Reporter gene assays

Cells were plated in 12-well dishes at 2 × 105 cells/well and 20 h later co-transfected (1 μg of total DNA in 2 ml) with 0.3 μg of (UAS)5-LUC or (DR1)3-CAT, 0–0.3 μg of various expression plasmids as indicated and 0.003 μg pRL-SV40 (Promega) which served as an internal control to monitor transfection efficiency. Total amount of DNA was kept constant by adding pZeo and/or pcDNA4HisMaxA. Cells were transfected in Opti-MEM (Life Technologies) and 3 μl FuGENE 6 transfection reagent (Roche). Cells were incubated for 48 h and then assayed for luciferase activity with a dual luciferase kit (Promega). CAT activity was determined by using a CAT enzyme-linked immunosorbent assay kit (Roche), and the level of β-galactosidase activity was determined using a luminescent β-galactosidase detection kit (Clontech) according to the manufacturer's instructions. The firefly LUC or CAT reporter activity (relative to the Renilla LUC activity) was calculated and plotted. Transfections were performed in duplicate and each experiment was repeated at least twice.

RESULTS

Identification of TIP27

As reported for other nuclear receptors (20,28), transcriptional regulation by TAK1 involves interactions with and recruitment of other nuclear proteins (17). Since a number of well-established co-modulators of nuclear receptors did not interact with TAK1 (T. Nakajima and A.M. Jetten, unpublished data), we began to identify proteins that influence or mediate the transcriptional regulation by TAK1. To identify TAK1-interacting proteins, we performed yeast two-hybrid analysis using the hinge-LBD region of TAK1 as bait. A total of unique yeast clones were obtained that induced high β-galactosidase reporter activity in yeast two-hybrid analysis. One of these clones, encoding a novel TAK1-interacting protein referred to as TIP27 (Figure (Figure1A),1A), was selected for further study.

Figure 1
(A) The amino acid sequence of human TIP27. The two zinc finger motifs (ZF1 and ZF2) and TID are indicated. The Cys and His residues participating in the tetrahedral configuration of the zinc fingers are indicated in boldface and underlined. The nuclear ...

The TIP27 gene encodes an mRNA of ~3.1 kb and a basic protein with a molecular mass of 27.1 kDa (Figure (Figure1A)1A) and a pI of 8.83. MotifScan and ScanProsite identified two putative zinc finger motifs (Figure (Figure1A)1A) with the consensus sequence CX4CX12HX4H, one at the N-terminus between Cys14 and His37 (ZF1), and one at the C-terminus between Cys175 and His198 (ZF1). A third putative zinc finger motif (ZF3; CXCX12HX4H) was observed between Cys210 and His230. In addition, TIP27 contains a Glu/Asp-rich region between Glu131 and Glu146. TIP27 was found to be identical to the recently described JAZF1, a protein with unknown function (22). The human TIP27 sequence exhibited high homology (98% identity at the amino acid level) with an unpublished mouse sequence (GenBank accession no. AK050474) representing the mouse homolog of TIP27. In addition, the N- and C-termini of TIP27 containing, respectively, the first and second zinc finger motifs of TIP27 exhibit high homology with a hypothetical Drosophila protein (GenBank accession no. NP_651853), which suggests that it might be the Drosophila homolog of TIP27 (Figure (Figure1B).1B). The zinc finger motifs of TIP27 did not show homology with other zinc finger proteins.

Tissue-specific expression of TIP27

To examine the pattern of tissue-specific expression of TIP27, northern-blot analysis was performed using RNA from several human tissues (Figure (Figure2).2). TIP27 mRNA was most highly expressed in adult testis, at moderate levels in colon, placenta, prostate and ovary, and at low levels in several other tissues. In testis, the radiolabeled TIP27 probe hybridized to two major transcripts 3.2 and 0.9 kb in size while other tissues contained mainly the 3.2 kb transcript. The 3.2 kb TIP27 transcript (GenBank accession no. AY372319) contains a 2.1 kb 3′-untranslated region (3′-UTR). The 115 bp of 5′-UTR sequence contains a stop codon at 64 nt in agreement with our conclusion that ‘MTGI…’ is the N-terminus of TIP27 and that the 3.1 kb transcript encodes the full-length TIP27 protein.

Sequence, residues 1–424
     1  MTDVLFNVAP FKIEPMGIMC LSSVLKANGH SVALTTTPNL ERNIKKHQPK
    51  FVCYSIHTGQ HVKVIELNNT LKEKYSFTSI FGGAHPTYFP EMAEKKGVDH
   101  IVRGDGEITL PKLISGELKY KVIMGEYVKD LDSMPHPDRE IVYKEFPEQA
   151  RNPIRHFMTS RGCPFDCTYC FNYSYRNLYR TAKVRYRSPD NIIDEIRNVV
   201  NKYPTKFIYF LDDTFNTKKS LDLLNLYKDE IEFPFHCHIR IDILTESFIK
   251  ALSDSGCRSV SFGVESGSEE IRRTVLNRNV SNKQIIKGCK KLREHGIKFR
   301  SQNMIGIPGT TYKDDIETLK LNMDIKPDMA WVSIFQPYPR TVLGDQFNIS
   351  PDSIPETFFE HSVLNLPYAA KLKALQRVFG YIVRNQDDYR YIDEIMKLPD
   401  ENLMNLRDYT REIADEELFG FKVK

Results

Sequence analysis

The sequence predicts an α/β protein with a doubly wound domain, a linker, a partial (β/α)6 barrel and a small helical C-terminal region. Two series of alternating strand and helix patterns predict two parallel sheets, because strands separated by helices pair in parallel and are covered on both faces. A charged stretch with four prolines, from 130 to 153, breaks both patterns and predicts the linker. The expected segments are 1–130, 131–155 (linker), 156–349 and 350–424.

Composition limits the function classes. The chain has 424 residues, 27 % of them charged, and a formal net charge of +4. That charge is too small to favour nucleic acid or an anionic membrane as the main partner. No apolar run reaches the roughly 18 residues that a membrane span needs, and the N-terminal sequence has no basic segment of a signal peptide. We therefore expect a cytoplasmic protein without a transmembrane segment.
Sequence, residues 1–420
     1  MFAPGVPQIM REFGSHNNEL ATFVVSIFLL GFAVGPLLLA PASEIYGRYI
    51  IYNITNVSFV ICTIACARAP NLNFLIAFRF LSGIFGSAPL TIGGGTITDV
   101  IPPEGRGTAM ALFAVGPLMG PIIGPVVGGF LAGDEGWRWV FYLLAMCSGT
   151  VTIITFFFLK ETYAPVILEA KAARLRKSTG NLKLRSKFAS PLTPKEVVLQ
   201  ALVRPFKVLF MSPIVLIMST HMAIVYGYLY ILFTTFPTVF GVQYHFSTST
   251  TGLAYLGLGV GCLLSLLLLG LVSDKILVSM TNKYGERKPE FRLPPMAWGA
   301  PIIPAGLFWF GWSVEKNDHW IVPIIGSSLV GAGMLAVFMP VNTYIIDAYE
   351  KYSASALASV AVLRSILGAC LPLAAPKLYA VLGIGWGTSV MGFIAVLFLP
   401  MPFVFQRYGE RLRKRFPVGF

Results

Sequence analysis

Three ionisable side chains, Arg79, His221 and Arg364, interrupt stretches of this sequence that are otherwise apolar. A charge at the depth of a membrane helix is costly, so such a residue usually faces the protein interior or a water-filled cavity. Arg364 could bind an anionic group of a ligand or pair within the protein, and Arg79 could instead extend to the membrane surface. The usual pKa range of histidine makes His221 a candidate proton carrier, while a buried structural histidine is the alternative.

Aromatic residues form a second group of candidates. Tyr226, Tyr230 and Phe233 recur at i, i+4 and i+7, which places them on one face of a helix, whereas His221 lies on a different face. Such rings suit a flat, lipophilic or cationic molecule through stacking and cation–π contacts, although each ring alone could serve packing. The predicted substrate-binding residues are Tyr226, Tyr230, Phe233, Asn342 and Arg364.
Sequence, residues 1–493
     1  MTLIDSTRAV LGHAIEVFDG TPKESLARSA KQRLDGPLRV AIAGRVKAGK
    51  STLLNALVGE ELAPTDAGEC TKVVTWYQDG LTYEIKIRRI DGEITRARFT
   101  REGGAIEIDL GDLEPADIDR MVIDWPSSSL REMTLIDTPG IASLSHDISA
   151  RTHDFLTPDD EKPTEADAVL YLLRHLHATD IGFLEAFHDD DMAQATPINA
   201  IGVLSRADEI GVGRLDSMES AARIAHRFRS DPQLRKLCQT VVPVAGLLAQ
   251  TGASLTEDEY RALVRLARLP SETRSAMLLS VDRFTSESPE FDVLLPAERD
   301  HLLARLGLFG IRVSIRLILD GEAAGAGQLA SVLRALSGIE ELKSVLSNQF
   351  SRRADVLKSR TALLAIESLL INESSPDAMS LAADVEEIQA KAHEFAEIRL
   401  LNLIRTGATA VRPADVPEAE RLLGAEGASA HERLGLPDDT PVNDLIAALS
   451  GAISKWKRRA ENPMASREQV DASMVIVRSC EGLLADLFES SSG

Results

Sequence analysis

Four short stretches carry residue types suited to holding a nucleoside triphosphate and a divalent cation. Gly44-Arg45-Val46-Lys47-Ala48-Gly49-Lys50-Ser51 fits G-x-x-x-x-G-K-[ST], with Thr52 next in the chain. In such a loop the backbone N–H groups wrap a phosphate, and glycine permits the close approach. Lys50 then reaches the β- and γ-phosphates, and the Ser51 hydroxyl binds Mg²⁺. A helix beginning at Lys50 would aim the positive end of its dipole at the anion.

Figure 2
Tissue-specific expression of TIP27. Poly(A)+ RNA (1.5 μg) from 10 different human tissues was examined by northern-blot analysis. Membranes were hybridized to a 32P-labeled probe for TIP27 as described in Materials and Methods.

TIP27 interacts selectively with TAK1

Since TIP27 was identified by yeast two-hybrid analysis, we examined its interaction with TAK1 by mammalian two-hybrid analysis. As shown in Figure Figure3,3, co-transfection of pM-TIP27 and VP16-TAK1 into CV-1 cells greatly enhanced (UAS)5-driven LUC reporter activity confirming the interaction between these two proteins observed in yeast two-hybrid analysis. To examine the specificity of this interaction, we determined whether TIP27 was able to interact with the LBD of several other nuclear receptors, including AR, estrogen receptor α (ERα), progesterone receptor (PR), liver X receptor α (LXRα), PPARγ, RXRα, retinoid-related testis-specific receptor (RTR or GCNF) and retinoid-related orphan receptor γ (RORγ). AR, ERα, PR, PPARγ, LXRα and RXRα were analyzed in the presence and absence of their respective ligand. A small, ligand-independent increase in pM-TIP27-mediated reporter activity was observed when VP16-PPARγ(LBD) or VP16-RXRα(LBD) was co-transfected into the cells suggesting a weak interaction between TIP27 and these receptors (Figure (Figure3).3). Increasing levels of VP16-PPARγ(LBD) did not further enhance reporter activity (data not shown). The LBD of the other receptors analyzed did not show any substantial interaction with TIP27, either in the presence or in the absence of ligand indicating that the interaction of TIP27 is rather selective for the LBD of TAK1. However, we cannot rule out that for some nuclear receptors TIP27 might interact with regions outside the LBD. In addition, the recruitment of TIP27 by nuclear receptors may depend on the promoter context of the target gene.

Figure 3
TIP27 interacts specifically with the nuclear orphan receptor TAK1. CV-1 cells grown in DMEM containing charcoal-stripped FBS were transfected with (UAS)5-LUC, pRL-SV40, pM or pM-TIP27, and either VP16, VP16-TAK1, VP16-AR, VP16-ERα, VP16-PR-A, ...